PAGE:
Archimedes' Inventions: Lesson for Kids

Instructor: Angela Burke

Angela has over ten years of teaching experience in Special Education, classroom teaching and GT. She has a master's degree in Special Ed with an emphasis in Gifted.

In this lesson we'll explore the inventions of the Greek inventor Archimedes. Find out how this brilliant inventor made discoveries that we still use today.

The Lost Book of Math

Imagine finding a dusty prayer book hidden in a wall that is over a thousand years old! This is what happened in 1906 to a professor in Turkey. What was thought to be an ancient book of prayers was actually a great mathematical discovery! And who did this mathematical work belong to? Archimedes!

Who Was Archimedes?

Did you know there is a mountain range and crater on the moon named after Archimedes? Archimedes was one of the world's greatest scientists. He was also an amazing inventor! Archimedes was born into the Greek culture on the island of Sicily in 287 BC. It is believed that he studied in Alexandria, Egypt.


The Archimedes' Screw

In the time of Ancient Greece, how did one go about getting the rainwater out of the hull, or body, of one's ship so it wouldn't sink? This was a problem! Archimedes invented a solution. He made a machine that had a hollow tube with a spiral inside that could be turned with a handle. Water was carried up the tube and out of the boat. Archimedes' Screw was one of the earliest kinds of pumps and is still used today in some countries for irrigation, which is a way to water crops on farms.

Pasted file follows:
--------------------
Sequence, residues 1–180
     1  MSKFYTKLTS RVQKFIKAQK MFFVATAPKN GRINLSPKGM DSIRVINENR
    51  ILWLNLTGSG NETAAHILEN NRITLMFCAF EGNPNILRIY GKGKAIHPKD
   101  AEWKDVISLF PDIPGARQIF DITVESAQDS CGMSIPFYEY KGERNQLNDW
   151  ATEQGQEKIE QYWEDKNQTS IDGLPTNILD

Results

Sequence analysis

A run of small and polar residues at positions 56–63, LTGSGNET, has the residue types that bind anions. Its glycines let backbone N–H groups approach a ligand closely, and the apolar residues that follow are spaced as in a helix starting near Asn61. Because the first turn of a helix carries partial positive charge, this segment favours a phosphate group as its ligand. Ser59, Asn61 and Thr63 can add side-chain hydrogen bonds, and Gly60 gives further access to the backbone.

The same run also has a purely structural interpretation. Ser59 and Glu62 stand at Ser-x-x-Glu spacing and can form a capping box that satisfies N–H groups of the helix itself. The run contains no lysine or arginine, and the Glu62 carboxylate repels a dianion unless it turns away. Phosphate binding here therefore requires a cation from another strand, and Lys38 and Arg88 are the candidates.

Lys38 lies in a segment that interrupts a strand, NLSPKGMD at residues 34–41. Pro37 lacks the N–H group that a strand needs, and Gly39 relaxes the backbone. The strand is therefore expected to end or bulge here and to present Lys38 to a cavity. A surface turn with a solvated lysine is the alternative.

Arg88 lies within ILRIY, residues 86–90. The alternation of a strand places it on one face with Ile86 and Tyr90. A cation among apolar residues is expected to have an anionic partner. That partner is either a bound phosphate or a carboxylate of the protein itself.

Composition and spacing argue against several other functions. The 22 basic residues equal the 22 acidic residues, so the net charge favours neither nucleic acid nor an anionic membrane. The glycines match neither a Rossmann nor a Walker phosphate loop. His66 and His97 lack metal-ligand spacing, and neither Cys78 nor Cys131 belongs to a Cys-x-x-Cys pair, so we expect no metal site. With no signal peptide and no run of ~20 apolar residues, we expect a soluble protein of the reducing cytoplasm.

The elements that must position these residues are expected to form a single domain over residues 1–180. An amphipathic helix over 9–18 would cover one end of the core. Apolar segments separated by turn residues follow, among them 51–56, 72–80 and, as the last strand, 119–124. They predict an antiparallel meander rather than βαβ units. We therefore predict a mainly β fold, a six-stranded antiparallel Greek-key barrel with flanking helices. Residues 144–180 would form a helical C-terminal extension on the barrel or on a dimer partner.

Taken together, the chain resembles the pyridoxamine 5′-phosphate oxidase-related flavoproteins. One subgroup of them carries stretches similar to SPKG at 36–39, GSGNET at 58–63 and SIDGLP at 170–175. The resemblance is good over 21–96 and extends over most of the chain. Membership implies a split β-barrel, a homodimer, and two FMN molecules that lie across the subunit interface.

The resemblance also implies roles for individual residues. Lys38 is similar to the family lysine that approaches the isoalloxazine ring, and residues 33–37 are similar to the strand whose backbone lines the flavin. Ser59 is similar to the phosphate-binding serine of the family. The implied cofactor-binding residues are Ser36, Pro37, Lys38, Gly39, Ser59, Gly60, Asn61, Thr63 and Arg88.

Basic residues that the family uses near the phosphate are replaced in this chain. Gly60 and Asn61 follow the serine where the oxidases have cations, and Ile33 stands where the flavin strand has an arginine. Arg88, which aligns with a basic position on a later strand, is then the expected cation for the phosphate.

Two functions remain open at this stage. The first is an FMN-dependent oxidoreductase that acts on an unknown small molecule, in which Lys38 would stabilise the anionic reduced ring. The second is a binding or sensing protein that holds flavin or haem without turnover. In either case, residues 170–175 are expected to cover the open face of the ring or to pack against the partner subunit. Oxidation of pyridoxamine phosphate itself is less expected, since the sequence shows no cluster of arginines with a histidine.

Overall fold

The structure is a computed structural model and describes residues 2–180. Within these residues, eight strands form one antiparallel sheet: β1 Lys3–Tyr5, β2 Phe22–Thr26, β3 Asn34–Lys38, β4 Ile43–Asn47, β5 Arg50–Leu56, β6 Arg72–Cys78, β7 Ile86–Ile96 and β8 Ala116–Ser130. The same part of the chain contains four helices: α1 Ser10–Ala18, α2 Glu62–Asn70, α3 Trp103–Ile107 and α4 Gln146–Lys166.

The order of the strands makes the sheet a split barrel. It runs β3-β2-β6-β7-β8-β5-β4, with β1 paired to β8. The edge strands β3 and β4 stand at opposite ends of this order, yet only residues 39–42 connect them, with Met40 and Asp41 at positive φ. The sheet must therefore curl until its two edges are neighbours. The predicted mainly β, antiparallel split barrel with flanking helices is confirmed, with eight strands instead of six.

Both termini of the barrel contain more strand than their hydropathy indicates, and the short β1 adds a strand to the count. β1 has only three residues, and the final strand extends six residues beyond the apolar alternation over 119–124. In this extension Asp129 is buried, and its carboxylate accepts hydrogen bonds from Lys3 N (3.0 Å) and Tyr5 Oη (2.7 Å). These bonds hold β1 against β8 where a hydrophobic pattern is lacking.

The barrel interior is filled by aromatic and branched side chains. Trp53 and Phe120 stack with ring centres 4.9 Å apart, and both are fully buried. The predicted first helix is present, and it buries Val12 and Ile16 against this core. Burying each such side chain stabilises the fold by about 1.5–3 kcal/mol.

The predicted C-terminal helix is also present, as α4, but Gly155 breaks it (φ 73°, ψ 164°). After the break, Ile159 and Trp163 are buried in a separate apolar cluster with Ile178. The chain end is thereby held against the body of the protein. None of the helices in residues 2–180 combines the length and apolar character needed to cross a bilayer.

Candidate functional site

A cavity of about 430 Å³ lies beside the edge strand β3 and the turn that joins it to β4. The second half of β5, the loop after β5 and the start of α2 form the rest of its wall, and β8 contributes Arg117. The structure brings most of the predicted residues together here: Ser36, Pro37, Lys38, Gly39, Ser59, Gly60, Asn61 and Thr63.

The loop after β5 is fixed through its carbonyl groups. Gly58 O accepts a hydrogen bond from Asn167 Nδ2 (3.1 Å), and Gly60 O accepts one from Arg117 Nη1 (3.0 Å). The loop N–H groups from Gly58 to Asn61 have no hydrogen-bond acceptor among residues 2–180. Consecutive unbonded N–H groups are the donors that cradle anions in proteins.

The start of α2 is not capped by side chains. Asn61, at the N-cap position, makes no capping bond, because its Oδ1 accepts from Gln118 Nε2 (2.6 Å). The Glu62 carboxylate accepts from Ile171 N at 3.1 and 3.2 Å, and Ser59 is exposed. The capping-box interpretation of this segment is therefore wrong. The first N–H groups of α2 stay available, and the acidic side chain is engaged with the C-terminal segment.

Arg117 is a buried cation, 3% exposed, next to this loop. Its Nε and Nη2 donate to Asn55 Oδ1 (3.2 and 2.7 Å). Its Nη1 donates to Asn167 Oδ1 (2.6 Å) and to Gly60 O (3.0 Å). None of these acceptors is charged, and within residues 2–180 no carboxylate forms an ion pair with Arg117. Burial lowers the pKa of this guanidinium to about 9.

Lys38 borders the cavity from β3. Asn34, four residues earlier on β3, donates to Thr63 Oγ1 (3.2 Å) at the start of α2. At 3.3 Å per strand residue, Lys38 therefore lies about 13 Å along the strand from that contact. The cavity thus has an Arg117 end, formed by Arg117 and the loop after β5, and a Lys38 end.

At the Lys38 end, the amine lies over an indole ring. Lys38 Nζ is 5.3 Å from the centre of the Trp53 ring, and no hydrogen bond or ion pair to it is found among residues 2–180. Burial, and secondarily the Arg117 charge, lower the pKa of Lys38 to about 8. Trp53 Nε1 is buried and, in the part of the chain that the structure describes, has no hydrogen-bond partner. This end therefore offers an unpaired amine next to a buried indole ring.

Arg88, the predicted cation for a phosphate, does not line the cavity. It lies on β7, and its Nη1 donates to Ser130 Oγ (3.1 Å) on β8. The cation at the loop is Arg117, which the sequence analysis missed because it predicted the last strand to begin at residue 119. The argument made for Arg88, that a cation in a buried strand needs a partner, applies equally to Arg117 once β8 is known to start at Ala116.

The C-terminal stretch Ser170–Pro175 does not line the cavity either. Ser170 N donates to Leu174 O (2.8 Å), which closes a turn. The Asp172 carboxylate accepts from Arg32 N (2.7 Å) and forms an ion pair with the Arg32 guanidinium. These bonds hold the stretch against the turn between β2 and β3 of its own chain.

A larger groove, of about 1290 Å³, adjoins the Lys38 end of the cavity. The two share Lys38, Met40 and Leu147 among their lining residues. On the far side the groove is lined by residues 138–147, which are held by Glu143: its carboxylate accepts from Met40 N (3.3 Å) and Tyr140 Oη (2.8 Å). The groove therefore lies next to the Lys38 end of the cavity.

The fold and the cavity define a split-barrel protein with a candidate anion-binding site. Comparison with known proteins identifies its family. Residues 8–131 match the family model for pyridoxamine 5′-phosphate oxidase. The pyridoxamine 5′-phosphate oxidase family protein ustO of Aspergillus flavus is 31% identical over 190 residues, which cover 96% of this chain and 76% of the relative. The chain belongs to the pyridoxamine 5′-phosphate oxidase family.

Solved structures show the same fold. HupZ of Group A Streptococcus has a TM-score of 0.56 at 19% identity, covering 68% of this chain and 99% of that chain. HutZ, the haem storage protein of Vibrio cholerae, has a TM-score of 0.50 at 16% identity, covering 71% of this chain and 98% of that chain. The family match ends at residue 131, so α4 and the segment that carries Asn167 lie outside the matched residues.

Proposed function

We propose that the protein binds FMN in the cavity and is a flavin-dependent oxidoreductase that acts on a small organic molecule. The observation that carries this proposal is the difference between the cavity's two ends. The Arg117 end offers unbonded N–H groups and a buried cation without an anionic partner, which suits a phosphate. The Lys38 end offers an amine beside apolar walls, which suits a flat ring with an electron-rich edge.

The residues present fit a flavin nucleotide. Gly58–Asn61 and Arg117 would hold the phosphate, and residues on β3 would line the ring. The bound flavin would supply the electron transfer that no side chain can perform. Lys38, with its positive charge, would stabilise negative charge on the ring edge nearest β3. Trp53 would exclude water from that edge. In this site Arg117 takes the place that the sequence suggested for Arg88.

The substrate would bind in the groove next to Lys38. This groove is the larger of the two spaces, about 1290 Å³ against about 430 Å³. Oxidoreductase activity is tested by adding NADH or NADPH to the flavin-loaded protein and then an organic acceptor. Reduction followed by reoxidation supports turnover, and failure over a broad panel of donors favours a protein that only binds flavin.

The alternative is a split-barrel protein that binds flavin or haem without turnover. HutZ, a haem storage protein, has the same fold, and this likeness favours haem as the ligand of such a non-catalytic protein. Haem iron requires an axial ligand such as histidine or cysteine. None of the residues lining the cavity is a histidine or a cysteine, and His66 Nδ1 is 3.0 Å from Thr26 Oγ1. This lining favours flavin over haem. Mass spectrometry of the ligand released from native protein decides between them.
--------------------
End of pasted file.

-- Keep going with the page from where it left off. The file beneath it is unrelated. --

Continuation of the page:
Screw Invented by Archimedes

Archimedes' Principle

One day a king asked Archimedes for help. This king had given a craftsman gold to make him a crown. When he received his new crown, he was suspicious that some of the gold had been replaced with silver, and Archimedes was given the task of finding out if the crown was pure gold or not.

Have you ever filled the bathtub too full of water and when you got in it overflowed? Archimedes was taking a bath one day and noticed how the water level rose when he got in. This led to a great discovery. He realized that dense objects sink, and less dense objects float. Density is how solid something is. When Archimedes discovered this, he jumped out of the bathtub and ran down the street yelling, 'Eureka!' meaning 'I've found it.' He'd found a way to test the crown.

Using this principle, Archimedes submerged the gold crown in water. Because of the different densities of gold and silver, he was able to tell that the crown was not pure gold, confirming the king's suspicions.

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